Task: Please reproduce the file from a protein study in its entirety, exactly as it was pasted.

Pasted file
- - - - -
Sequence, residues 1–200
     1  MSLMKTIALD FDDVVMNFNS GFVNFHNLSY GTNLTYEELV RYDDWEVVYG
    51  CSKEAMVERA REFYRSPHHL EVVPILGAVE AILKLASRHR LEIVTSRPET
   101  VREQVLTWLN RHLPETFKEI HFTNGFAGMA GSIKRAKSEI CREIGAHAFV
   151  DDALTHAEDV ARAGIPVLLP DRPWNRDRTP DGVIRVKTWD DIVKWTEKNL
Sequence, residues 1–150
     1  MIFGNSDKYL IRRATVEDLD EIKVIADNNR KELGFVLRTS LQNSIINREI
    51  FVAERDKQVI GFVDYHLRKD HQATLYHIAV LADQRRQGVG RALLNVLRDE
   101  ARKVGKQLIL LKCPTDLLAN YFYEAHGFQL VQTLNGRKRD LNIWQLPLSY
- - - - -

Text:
Sequence, residues 1–200
     1  MSLMKTIALD FDDVVMNFNS GFVNFHNLSY GTNLTYEELV RYDDWEVVYG
    51  CSKEAMVERA REFYRSPHHL EVVPILGAVE AILKLASRHR LEIVTSRPET
   101  VREQVLTWLN RHLPETFKEI HFTNGFAGMA GSIKRAKSEI CREIGAHAFV
   151  DDALTHAEDV ARAGIPVLLP DRPWNRDRTP DGVIRVKTWD DIVKWTEKNL
Sequence, residues 1–150
     1  MIFGNSDKYL IRRATVEDLD EIKVIADNNR KELGFVLRTS LQNSIINREI
    51  FVAERDKQVI GFVDYHLRKD HQATLYHIAV LADQRRQGVG RALLNVLRDE
   101  ARKVGKQLIL LKCPTDLLAN YFYEAHGFQL VQTLNGRKRD LNIWQLPLSY